“I haven’t cried that much in I don’t know how long,” [Woodson] said.
But he wanted to address his team at halftime. Coach Mike McCarthy let him.
“You know how bad I want this, guys …” Woodson said, and that was it. Bawling again.
It was my first full game in Michigan Stadium,* and it was very hot. We sat in the visitors section in the north endzone and drank lots of water. Michigan was playing Notre Dame, back when the Irish were kind of good. I was living in northern Indiana at the time and my Dad was taking medical school classes on the Indiana-South Bend campus, so Mom would sometimes take me and Joellyn to the campus and we would walk around, looking at the old brick buildings. We went to our fair share of Friday night pep rallies. I had memorized the Michigan “Victors” and the Notre Dame “Victory March” fight songs by exposure, like some kids learn a language. Notre Dame still had the mystique. Because Dad liked Ohio State and I was an impressionable eight-year-old, I was probably a weird conglomerate Midwest-rooting fan — a third Michigan, a third Ohio State, and a third Notre Dame. All I needed was for one of them to have a great year and I’d be hooked.
September 1997. I was sitting in those classic blue bleachers in the Big House on that late summer afternoon, flipping through the media guide they used to pass out for free. Papa — my Mom’s dad, who used to play old Michigan Marching Band cassette tapes in his Chevrolet Astro van back when I could barely talk — was sitting beside me.
I was eight and I needed heroes. I was devastated when the New York Mets traded my favorite player Bobby Bonilla, but I quickly moved on to Todd Hundley, a switch-hitting catcher. At my first Mets game at Shea during the summer of ’96, I was sitting with my family in the outfield bleachers when Hundley came up. He would hit 41 home runs that year. He’s going to hit one right at us, my Dad told me. Because of course. That’s what he did — hit homers.
“Papa, who’s Michigan’s best player?”
He squinted behind his sunglasses. “I don’t know,” he said. “Probably Woodson.”
Woodson. I didn’t have to look through the roster, numerically ordered, very long. #2 Charles Woodson, junior, cornerback. I decided would watch him the whole game.
I don’t actually remember much from the game. I only have a few images in my mind, scattered Polaroids of disconnected moments. Like Notre Dame scoring their first touchdown, or a Michigan goal line stand followed by Papa yelling, “They’ve got a great defense.” I remember the 21-14 Michigan win too. And Woodson, of course, returning punts and playing offense and breaking up passes and making tackles. That’s what he did.
I remember only a few other things from that season. His touchdown against Penn State is one of them. I actually don’t remember the Ohio State game , which was Michigan’s final step to the Rose Bowl and a No. 1 ranking, and was also Woodson’s christening as a serious Heisman Trophy contender. I’m not even sure I watched the game.
But I do remember the punt return. Maybe I just saw a highlight. And I was unsurprised.
He won the Heisman that year — the only defensive player to do so — and I was too young to know anything about the vaguely racist controversy that Peyton Manning from Tennessee should have won it instead.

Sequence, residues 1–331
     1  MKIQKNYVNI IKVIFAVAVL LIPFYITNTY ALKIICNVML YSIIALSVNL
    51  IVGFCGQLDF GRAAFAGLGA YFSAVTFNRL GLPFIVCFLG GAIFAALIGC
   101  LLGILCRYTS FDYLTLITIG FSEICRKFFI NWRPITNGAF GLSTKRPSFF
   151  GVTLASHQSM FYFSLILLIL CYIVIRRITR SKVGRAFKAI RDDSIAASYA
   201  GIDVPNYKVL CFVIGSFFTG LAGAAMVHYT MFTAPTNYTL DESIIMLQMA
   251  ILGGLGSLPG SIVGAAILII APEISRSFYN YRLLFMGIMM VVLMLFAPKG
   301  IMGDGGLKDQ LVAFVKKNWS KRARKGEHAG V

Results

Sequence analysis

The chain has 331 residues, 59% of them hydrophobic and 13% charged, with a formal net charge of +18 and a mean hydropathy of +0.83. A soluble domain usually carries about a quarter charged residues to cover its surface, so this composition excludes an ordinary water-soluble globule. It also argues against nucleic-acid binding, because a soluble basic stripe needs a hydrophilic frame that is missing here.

And then there was the Rose Bowl, where Michigan beat Washington State for the national championship. We went to Mom’s parents house in California for Christmas that year, and my Dad and Papa and uncle got to go to the game. I was still eight and it’s an expensive ticket, so I was relegated to the television. I remember two things: (1) Michigan won, (2) Charles Woodson had an interception in the endzone. Because of course he did.
I lost track of his career for awhile after that. I don’t think I watched him once while he was with the Raiders. But he was about 30 years old when he went to Green Bay, supposedly signaling the nadir of his career. He instead became one of the best corners in the game from that point, eventually settling into a new position that allowed him to utilize both his coverage ability and excellent tackling skills. In 2009, at 33, he was voted the best defensive player in the NFL. The first cornerback to win the award. I didn’t watch much Packers football, but when I did it seemed he always did something to change the game. It was just like Michigan.
I’m 21 years old. I haven’t watched tons of Woodson football, but enough to be amazed that, before Sunday night, I don’t remember ever seeing him fail. Of course he has, and I’m sure he has while I’ve been watching. But the point is that I don’t remember it. And in the Super Bowl — the only thing in football he hadn’t won — the man who spent a career carrying his teammates needed, for one night, his teammates to carry him.
*This was back in the day before 9/11 when they used to open the gates to the stadium in the fourth quarter and let fans watch for free. My sister and I had watched the end of a 1995 Michigan blowout of Miami of Ohio, but I was six and all I remember is wondering why all the fans clapped when an injured Miami player seemed okay (“aren’t they supposed to root against the other team?” I asked). I’m told I stood on the brick wall that surrounds the field and watched the post-game band show in awe. It’s probably true.